The variance of , , was approximated using the ‘delta method’,27 ,28 which is essentially a first-order Taylor series expansion. The delta method has been used extensively in statistics25 and can be applied to different sampling designs.25 ,29 (StataCorp, LP. Stata Survey Data Reference Manual, Release 13. College Station, Texas: Stata Press Publication 2013). This method is the default approach for variance estimation with complex surveys of SAS, SUDAAN30 and Stata (StataCorp, LP. Stata Survey Data Reference Manual, Release 13. College Station, Texas: Stata Press Publication 2013.) and has been employed in a wide array of studies including those using complex surveys as their data.31 ,32 Chapter 9 of Sampling: Design and Analysis (Lohr)25 describes the method in detail. The delta method28 shows that the variance can be approximated by a combination of , , and (online supplementary material provides the details of the derivation): 2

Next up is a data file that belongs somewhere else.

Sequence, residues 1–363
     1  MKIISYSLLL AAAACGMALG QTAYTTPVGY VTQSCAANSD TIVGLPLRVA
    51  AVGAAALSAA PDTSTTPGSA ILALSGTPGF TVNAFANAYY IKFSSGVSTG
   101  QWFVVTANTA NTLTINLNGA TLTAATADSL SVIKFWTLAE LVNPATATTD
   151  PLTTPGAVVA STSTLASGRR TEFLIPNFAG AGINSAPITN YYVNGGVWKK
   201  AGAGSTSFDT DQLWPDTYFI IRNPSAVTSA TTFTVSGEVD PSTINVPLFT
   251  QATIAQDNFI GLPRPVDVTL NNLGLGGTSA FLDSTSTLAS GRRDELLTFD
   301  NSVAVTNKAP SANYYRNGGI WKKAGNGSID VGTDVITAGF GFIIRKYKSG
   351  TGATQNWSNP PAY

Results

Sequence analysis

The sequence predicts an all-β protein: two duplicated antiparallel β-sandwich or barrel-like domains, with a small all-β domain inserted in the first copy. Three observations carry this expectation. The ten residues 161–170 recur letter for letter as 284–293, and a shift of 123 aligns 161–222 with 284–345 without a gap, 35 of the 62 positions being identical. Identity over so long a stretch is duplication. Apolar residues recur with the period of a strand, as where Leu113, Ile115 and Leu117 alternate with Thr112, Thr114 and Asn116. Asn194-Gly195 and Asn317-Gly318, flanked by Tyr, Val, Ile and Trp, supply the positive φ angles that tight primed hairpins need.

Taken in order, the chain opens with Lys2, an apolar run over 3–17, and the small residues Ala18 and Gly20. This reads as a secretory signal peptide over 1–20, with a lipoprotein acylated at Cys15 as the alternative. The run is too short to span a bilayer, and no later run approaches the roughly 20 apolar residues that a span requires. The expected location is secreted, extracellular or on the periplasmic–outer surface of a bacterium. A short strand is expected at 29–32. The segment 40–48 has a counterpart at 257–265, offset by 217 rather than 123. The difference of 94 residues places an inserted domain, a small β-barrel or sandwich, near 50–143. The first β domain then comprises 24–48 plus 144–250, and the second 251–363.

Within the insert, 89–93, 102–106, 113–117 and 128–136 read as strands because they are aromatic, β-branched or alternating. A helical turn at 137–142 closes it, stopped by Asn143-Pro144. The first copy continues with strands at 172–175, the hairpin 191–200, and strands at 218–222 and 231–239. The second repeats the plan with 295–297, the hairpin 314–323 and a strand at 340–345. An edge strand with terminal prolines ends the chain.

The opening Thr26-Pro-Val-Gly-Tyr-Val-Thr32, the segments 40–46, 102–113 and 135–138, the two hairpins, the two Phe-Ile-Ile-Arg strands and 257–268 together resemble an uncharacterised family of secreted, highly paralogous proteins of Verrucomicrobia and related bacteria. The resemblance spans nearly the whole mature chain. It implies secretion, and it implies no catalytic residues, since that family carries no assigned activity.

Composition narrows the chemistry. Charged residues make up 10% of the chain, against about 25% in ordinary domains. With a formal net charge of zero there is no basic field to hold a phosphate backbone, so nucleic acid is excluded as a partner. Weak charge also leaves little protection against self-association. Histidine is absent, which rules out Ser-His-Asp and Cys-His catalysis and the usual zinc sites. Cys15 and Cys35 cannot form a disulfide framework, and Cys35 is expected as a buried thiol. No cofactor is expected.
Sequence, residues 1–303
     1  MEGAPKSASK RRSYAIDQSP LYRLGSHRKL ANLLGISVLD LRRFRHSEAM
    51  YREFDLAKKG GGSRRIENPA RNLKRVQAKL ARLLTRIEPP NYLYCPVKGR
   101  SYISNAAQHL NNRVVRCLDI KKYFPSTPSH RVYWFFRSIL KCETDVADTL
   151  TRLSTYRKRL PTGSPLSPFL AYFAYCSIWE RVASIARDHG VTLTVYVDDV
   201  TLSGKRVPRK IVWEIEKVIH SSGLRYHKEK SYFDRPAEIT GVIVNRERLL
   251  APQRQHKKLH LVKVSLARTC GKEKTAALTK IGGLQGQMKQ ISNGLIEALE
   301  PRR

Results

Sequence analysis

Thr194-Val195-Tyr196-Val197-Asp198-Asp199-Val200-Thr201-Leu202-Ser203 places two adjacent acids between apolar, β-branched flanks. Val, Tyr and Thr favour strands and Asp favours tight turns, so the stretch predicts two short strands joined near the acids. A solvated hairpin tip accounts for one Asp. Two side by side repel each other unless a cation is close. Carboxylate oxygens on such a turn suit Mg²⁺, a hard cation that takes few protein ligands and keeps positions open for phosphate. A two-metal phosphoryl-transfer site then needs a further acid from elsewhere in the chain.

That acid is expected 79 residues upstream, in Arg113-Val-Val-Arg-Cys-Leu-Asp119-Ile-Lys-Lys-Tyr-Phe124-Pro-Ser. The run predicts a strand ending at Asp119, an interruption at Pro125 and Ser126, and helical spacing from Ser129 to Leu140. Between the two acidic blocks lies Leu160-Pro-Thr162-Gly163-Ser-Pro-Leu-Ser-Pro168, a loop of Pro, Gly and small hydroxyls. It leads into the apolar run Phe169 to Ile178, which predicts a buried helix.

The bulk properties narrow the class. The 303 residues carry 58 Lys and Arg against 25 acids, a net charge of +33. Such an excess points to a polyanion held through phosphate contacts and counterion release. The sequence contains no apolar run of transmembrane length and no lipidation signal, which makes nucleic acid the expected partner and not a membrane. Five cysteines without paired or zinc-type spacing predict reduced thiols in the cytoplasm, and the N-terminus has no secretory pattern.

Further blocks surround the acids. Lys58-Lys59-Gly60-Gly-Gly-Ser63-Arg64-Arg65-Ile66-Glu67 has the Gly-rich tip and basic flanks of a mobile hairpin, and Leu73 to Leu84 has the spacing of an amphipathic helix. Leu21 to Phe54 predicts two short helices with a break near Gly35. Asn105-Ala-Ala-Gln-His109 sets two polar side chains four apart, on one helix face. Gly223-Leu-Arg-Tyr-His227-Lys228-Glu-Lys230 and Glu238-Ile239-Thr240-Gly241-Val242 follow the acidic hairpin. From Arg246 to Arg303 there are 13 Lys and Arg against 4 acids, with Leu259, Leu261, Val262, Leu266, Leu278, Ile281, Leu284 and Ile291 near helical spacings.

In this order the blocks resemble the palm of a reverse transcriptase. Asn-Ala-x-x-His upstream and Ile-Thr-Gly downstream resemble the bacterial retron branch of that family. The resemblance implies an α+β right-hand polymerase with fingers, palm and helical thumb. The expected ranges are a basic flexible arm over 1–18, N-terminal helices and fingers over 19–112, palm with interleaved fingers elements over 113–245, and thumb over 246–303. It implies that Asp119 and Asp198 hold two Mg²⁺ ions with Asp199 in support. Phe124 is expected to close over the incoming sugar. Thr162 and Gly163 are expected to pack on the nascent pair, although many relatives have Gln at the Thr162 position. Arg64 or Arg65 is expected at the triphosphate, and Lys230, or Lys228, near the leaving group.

If the data source for the numerator or denominator is a complex survey, the calculation of , , and needs to include the survey designs so that the design information is appropriately reflected in . Operationally, we did this by using the Stata command ‘svy: mean’(Stata Corporation LP, 2013) to calculate , , ) and individually, and substituted them into equation (2) to obtain . The was obtained by taking the square root of . Stata V.13 was used for all analyses.
Comparing the results with rate-per-population estimates and those using the NHIS data alone